In defending the lender’s claim for foreclosure, the borrower argued that the lender had not provided him with a notice and a right to cure the defaults.  The lender controverted the borrower’s argument, by arguing that the provision in the mortgage providing a “right to cure” would only apply if the defaults were curable, and that the borrower’s defaults in the case (i.e. the borrower’s failure to pay taxes when due, and the initiation of the foreclosure by the tax certificate holder), were not curable.

No Right to Cure a Non-curable Default

The Court of Appeals agreed with the lender that curing these non-monetary defaults would be impossible.  After all, the borrower could not undo the fact that he had failed to pay his taxes timely, or that the tax certificate holder had initiated a foreclosure.  Therefore, the court stated that it would be a useless act to require the lender to send the borrower a notice of a right to cure the defaults. 

The Successor by Merger’s Standing to Foreclose

The court also rejected the borrower’s challenge to the lender’s standing to proceed with the foreclosure.  A recent Ohio Supreme Court decision requires that a mortgage holder seeking foreclosure must submit documentation to establish that it was the holder of the note and mortgage as of the date the foreclosure was commenced.[2]   The lender in the Hall case was the successor by merger to an entity which itself was the successor by merger to the original lender.  The borrower’s  challenge to the lender’s standing was based on the absence of any evidence of executed assignments of the mortgage from the acquired entities.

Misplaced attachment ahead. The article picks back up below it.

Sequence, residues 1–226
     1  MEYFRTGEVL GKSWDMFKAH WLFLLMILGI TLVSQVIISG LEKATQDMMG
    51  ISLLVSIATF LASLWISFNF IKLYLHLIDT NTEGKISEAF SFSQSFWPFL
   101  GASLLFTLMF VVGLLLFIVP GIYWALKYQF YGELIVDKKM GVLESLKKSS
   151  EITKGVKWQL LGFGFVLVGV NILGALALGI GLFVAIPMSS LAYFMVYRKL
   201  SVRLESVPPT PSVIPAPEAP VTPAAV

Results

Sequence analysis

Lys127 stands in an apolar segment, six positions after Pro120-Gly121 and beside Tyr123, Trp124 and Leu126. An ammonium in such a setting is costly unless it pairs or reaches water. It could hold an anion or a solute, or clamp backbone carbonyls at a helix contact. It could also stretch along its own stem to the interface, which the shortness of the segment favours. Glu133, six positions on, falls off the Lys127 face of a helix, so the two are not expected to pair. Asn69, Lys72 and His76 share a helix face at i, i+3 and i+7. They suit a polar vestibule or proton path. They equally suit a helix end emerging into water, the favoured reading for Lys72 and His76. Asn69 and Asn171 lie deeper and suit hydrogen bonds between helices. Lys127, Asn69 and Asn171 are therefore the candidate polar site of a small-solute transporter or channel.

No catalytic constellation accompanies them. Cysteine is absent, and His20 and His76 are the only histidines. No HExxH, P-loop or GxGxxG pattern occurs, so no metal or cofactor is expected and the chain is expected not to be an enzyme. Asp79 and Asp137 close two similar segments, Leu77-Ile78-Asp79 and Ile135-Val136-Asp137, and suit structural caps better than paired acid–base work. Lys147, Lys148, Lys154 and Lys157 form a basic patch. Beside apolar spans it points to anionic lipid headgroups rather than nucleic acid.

Relying on prior Ohio case law[3]  and the Ohio statute governing the effect of mergers[4] , the Court of Appeals stated that the absorbed company becomes a part of the resulting company following the merger, and the merged company has the ability to enforce agreements as if the resulting company had stepped in the shoes of the absorbed company.   Hence, all assets and property, (including mortgages) of each entity are deemed automatically transferred to the resulting company post-merger.   Therefore, the lender in the Hall case established its standing by producing evidence of the mergers, and no assignments of the mortgage were necessary.

For a complete copy of the Hall case, go here.

If you have any questions on this matter, please contact Mr. Larry R. Rothenberg, Esq. Larry is the partner in charge of WWR’s Real Estate Default Unit in the Cleveland office. He can be reached at 216.685.1135 and lrothenberg@weltman.com.

[1] 2013-Ohio-3165 (10th District, 2013). The 10th District covers Franklin County, Ohio
[2] Fed Home Loan Mtge. Corp. v. Schwartzwald, 134 Ohio St. 3d 13, 2012-Ohio-5017
[3] Acordia of Ohio, L.L.C v. Fishel, 133 Ohio St.3d 3d 356, 2012-Ohio-4648, ¶7  (“Acordia II).
[4] ORC §1701.82